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Belief in a Just World and Redistributive Politics

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  • Roland Benabou
  • Jean Tirole

Abstract

International surveys reveal wide differences between the views held in different countries concerning the causes of wealth or poverty and the extent to which people are responsible for their own fate. At the same time, social ethnographies and experiments by psychologists demonstrate individuals' recurrent struggle with cognitive dissonance as they seek to maintain, and pass on to their children, a view of the world where effort ultimately pays off and everyone gets their just deserts. This paper offers a model that helps explain: i) why most people feel such a need to believe in a "just world"; ii) why this need, and therefore the prevalence of the belief, varies considerably across countries; iii) the implications of this phenomenon for international differences in political ideology, levels of redistribution, labor supply, aggregate income, and popular perceptions of the poor. The model shows in particular how complementarities arise endogenously between individuals' desired beliefs or ideological choices, resulting in two equilibria. A first, "American" equilibrium is characterized by a high prevalence of just-world beliefs among the population and relatively laissez-faire policies. The other, "European" equilibrium is characterized by more pessimism about the role of effort in economic outcomes and a more extensive welfare state. More generally, the paper develops a theory of collective beliefs and motivated cognitions, including those concerning "money" (consumption) and happiness, as well as religion.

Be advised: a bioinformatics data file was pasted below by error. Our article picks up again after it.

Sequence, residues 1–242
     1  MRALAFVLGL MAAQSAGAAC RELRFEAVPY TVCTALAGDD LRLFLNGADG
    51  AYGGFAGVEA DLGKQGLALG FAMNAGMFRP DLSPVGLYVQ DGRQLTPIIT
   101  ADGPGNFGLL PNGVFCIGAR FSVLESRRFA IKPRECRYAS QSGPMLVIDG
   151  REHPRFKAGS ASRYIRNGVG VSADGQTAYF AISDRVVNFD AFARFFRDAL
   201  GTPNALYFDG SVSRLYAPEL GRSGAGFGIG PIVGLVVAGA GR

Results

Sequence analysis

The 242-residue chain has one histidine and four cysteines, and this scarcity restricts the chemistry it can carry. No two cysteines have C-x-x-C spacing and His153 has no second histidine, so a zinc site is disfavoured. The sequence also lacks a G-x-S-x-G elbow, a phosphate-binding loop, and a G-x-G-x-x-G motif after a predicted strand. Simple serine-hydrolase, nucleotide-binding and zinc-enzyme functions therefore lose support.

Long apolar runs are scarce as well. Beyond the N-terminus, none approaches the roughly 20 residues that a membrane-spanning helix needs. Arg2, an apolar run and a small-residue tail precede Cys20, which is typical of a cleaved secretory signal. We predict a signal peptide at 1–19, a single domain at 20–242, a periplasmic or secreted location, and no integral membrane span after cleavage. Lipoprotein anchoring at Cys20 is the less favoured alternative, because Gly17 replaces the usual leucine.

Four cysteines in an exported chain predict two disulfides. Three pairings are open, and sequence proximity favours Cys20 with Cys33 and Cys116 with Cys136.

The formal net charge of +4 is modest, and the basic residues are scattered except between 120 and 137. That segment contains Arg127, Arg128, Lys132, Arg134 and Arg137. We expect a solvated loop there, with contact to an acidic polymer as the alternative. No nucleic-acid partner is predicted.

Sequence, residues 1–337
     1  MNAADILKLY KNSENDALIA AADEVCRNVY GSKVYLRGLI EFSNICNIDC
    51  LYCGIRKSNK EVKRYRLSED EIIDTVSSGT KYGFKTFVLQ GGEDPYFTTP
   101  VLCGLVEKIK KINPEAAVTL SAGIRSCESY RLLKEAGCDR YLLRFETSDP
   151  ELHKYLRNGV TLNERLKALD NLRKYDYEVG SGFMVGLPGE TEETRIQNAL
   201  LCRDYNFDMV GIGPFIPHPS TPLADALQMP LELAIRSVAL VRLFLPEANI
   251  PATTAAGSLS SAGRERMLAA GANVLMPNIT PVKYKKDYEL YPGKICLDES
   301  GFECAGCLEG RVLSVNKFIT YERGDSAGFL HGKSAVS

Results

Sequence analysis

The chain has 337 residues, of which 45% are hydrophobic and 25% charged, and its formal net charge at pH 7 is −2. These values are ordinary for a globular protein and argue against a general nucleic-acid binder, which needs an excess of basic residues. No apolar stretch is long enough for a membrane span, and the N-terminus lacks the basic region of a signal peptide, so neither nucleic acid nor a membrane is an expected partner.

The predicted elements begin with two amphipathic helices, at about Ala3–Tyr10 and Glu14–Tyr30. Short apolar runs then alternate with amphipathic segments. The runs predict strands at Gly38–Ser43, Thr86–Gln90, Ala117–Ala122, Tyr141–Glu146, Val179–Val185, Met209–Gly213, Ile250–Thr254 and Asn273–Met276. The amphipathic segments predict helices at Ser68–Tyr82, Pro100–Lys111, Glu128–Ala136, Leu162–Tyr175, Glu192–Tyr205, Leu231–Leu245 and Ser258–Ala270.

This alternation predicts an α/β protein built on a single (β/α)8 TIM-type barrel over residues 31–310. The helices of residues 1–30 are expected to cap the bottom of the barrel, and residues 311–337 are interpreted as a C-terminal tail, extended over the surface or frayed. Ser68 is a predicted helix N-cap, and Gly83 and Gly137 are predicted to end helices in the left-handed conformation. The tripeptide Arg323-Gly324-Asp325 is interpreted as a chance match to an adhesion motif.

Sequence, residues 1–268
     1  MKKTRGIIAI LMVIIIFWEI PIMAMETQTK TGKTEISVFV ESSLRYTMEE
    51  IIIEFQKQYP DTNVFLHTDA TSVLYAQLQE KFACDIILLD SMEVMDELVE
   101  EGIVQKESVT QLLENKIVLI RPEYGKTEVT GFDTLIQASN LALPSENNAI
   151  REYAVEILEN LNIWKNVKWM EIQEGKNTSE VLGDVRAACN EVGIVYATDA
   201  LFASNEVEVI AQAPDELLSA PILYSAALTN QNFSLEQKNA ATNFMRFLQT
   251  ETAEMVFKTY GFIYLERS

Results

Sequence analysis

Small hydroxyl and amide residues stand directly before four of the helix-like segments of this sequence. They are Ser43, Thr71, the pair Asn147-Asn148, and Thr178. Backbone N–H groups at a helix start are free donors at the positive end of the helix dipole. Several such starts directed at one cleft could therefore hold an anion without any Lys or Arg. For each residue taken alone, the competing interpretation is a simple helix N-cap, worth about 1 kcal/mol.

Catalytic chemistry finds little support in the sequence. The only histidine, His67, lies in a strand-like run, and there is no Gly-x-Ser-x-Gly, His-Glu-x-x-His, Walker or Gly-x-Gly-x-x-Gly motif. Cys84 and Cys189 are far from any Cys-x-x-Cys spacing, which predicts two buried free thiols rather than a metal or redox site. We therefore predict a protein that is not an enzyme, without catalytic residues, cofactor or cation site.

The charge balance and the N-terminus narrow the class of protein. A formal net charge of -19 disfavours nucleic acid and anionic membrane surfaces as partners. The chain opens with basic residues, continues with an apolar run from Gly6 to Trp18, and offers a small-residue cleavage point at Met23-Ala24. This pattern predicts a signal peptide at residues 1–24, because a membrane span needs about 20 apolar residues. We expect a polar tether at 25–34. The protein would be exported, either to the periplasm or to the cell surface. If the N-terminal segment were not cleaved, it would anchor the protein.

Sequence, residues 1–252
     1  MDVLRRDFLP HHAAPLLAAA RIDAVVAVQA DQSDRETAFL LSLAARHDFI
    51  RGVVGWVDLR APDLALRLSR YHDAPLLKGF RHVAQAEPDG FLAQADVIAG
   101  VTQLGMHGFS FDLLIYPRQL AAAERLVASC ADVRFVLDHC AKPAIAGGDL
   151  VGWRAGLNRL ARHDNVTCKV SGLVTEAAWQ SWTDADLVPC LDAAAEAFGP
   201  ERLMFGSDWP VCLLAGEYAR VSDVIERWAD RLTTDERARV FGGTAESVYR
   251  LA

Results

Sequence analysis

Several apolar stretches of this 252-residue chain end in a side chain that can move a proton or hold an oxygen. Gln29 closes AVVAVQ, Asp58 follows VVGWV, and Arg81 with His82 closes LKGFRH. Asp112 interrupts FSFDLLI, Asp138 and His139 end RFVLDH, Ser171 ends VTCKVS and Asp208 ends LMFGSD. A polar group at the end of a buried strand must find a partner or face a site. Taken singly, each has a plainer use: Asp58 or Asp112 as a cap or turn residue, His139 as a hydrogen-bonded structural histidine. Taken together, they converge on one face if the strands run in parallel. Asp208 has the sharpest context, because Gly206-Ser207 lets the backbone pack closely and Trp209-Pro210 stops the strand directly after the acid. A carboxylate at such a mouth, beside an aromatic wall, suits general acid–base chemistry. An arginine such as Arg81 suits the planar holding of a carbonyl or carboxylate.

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Bibliographic Info

Paper provided by National Bureau of Economic Research, Inc in its series NBER Working Papers with number 11208.

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Date of creation: Mar 2005
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Handle: RePEc:nbr:nberwo:11208

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